Jazz vocalist Jazzmeia Horn releases debut album on historic Prestige label
With an assured maturity and vocal confidence far beyond her years, the young singer Jazzmeia Horn arrives with her debut recording A Social Call, an album that reveals a talent ready to take its place alongside the best headlining jazz vocalists of today. Scheduled for release on May 12 via Prestige, a division of Concord Music Group, its ten tracks—performed with an all-star acoustic jazz lineup—bristle with a bracing sense of clarity: clarity in Horn’s voice (itself a strong and remarkably supple instrument); clarity in the heady range of vocal legends who have shaped her (from Sarah Vaughan to Rachelle Ferrell); and clarity in the vital message of social uplift and the glowing optimism she conveys through her music.
Horn’s marriage of music and message suffuses the variety of selections on A Social Call: fresh takes of evergreen standards (“East of the Sun (West of the Moon)”, “I Remember You”), hard bop anthems (“Afro-Blue,” “Moanin’”), songs of spiritual intent (“Wade in the Water,” “Lift Every Voice and Song”), a couple of melodies associated with another singer of personal influence, Betty Carter (“Tight,” “Social Call”) and R&B nuggets popularized by the likes of Mary J. Blige and the Stylistics (“I’m Goin’ Down,” “People Make the World Go Round”). Some tunes are woven into medleys with Horn first sermonizing on issues of common concern, giving A Social Call the feel of an intimate, live performance.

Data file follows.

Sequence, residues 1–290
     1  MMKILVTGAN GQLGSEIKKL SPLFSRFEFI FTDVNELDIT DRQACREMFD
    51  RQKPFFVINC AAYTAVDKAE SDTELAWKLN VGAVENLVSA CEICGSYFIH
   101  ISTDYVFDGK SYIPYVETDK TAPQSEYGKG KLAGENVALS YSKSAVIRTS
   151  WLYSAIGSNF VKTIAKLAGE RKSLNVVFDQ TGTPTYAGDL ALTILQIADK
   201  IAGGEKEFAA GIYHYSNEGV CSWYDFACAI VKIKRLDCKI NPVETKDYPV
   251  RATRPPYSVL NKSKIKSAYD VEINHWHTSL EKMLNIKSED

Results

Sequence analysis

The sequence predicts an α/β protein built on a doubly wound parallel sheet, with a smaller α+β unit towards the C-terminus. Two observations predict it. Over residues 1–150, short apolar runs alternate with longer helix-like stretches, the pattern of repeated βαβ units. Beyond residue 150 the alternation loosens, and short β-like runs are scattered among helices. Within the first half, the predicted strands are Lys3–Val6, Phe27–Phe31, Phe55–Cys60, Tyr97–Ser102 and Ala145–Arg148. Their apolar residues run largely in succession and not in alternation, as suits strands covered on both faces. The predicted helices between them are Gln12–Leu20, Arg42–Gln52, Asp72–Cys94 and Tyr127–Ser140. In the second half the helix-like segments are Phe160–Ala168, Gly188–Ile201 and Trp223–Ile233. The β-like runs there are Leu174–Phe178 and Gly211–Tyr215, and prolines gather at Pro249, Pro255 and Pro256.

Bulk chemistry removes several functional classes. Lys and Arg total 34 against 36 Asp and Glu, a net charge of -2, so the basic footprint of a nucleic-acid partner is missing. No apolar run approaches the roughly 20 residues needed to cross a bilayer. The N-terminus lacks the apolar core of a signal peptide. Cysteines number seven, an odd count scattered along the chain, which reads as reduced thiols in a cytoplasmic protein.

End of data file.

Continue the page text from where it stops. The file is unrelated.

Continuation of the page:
With the benefit of Horn’s vocal prowess, A Social Call is an album that satisfyingly combines jazz of the classic, small-group variety—when singers had to step up and carry the same musical weight as any other band member—with more modern flavors of gospel and neo-soul. Horn’s palpable understanding of iconic singers of the 1950s and ’60s makes her the ideal candidate for the historic Prestige label, an imprint that helped introduce many jazz vocalists to the world. Even the name of Horn’s album is drawn from that same time period. “Of course Gigi Gryce’s ‘Social Call’ inspired the title,” says Horn.